Cyber Security and Emerging Threats Daniel Troup Eastern Europe and Russia

Plenty of Blame to go Around for Ukraine Crisis

As the crisis in Ukraine continues to unfold and policymakers struggle to restore a modicum of political stability to the region, concern is growing as to when the tit-for-tat escalation between Russia and the West will subside. Although there remain many avenues short of violence available for all parties to pursue at this stage, concern is nonetheless growing, and amidst widespread calls for de-escalation there is no consensus about how this could be achieved. In order to gain an understanding of how tensions could be abated, it is necessary to abandon the notion that the Russian government is entirely at fault.

The Ukrainian population will continue to pay the biggest price in this conflict, but the two most influential actors are Russia and the US-led group of Western allies. Both of these interlocutors can be assigned some significant degree of blame for the emergence of this current predicament and both can be accused of overplaying their hands in a game of realpolitik.

For its part, Russia was quite aggressive in preventing Ukraine from deepening its European ties. While Russia and many Ukrainians held understandable objections to some aspects of the EU trade deal, by using Ukraine’s precarious economic condition to stymie Ukrainian-EU ties, Russia likely exacerbated the already deep and volatile divisions within the country.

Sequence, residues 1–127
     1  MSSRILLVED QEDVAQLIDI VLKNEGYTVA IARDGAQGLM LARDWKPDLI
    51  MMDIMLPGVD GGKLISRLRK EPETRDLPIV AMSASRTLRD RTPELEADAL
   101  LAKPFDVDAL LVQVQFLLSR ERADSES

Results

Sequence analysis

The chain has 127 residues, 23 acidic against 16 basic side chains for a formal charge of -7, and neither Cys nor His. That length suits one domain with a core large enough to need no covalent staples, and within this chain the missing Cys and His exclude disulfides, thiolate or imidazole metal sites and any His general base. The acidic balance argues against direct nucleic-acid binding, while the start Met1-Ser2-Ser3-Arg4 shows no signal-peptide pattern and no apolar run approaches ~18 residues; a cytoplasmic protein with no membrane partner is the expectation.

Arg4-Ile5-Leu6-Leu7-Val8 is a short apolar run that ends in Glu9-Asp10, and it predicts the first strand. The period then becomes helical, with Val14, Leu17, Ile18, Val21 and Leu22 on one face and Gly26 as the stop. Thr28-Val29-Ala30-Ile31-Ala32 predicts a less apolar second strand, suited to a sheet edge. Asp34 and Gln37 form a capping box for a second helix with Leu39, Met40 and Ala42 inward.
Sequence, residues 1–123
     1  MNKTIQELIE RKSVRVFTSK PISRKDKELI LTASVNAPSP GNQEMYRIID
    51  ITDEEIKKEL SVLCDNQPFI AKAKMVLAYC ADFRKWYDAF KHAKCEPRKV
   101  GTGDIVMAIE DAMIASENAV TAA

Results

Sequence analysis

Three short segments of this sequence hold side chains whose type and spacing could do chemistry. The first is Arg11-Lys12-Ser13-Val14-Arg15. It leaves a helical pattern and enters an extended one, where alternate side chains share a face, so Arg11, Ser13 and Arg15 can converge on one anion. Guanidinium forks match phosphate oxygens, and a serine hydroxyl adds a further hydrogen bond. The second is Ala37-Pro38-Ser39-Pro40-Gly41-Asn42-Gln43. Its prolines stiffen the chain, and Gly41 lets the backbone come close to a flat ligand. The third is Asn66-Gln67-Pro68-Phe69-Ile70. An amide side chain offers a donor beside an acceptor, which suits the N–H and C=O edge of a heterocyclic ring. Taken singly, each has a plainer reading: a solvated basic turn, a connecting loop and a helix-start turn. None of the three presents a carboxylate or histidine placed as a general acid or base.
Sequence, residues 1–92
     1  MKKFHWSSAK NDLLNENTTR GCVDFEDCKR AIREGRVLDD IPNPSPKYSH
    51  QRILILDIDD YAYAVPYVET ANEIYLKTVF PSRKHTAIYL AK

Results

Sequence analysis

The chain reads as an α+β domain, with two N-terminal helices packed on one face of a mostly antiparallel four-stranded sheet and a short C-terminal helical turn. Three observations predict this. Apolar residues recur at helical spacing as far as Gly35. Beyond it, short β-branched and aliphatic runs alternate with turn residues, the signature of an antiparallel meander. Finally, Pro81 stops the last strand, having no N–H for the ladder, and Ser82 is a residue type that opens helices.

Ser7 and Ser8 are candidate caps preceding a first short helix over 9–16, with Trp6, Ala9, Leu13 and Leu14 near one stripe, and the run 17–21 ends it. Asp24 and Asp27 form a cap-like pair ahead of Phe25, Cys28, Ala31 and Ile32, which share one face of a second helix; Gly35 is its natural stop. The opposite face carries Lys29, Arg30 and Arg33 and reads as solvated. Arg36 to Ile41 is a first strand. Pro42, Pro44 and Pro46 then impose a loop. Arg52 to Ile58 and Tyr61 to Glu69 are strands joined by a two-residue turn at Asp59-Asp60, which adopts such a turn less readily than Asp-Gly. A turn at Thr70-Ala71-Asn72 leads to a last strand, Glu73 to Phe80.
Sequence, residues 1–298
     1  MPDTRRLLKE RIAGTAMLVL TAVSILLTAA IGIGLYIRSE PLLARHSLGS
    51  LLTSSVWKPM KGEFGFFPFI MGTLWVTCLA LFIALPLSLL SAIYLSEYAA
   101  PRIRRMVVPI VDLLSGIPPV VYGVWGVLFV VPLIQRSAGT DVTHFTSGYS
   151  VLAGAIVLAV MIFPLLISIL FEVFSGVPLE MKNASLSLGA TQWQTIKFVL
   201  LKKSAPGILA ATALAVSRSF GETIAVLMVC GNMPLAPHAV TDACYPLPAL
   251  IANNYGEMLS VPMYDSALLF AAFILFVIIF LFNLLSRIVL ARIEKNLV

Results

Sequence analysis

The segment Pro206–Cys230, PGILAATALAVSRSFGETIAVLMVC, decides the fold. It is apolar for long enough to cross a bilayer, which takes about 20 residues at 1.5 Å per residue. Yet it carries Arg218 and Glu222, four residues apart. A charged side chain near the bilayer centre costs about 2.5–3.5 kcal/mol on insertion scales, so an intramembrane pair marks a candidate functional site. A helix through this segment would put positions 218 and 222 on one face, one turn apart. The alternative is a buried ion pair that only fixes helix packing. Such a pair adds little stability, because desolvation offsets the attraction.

Meanwhile, Western countries lent visible support to anti-Yanukovich protestors, quickly condemned the Yanukovich government’s handling of protests that contained significant violent elements, and lent immediate legitimacy to a government led by a President not elected to his office who assumed power once Yanukovich had effectively been deposed.

ACC Plenty of Blame 2 (Thomas Peter Reuters Landov NPR)While it is unreasonable to expect western countries to condemn pro-western demonstrators, even when some of them use violent tactics, their active encouragement of these protests and lack of emphasis on democratic procedures has conveyed a message to Russia. Whatever legal and constitutional ambiguities about the removal of Yanukovich exist, for all intents and purposes he was abruptly deposed through a violent struggle in the capital. This sent a clear message to Russia that “playing by the rules” was superseded by the severity of the situation. Understood as a response to an already escalated proxy struggle, the actions of the Russian government in Crimea are entirely explicable and have not necessarily been founded upon foolhardy imperialism or paranoia about Western influence.

It is also worth noting the political actors in Ukraine and their role in bringing about this now globally significant crisis. The Yanukovich government has been widely accused of corruption that could only have worsened the already existing bitterness many Ukrainians felt toward it. Additionally, although it has been noted that many anti-Yanukovich protestors were violent, the well-documented deaths of unarmed protestors are inexcusable, and while blame may lie primarily with authorities on the ground, the government’s inability to restrain its law enforcement authorities amidst such immense political sensitivities surely exacerbated the situation.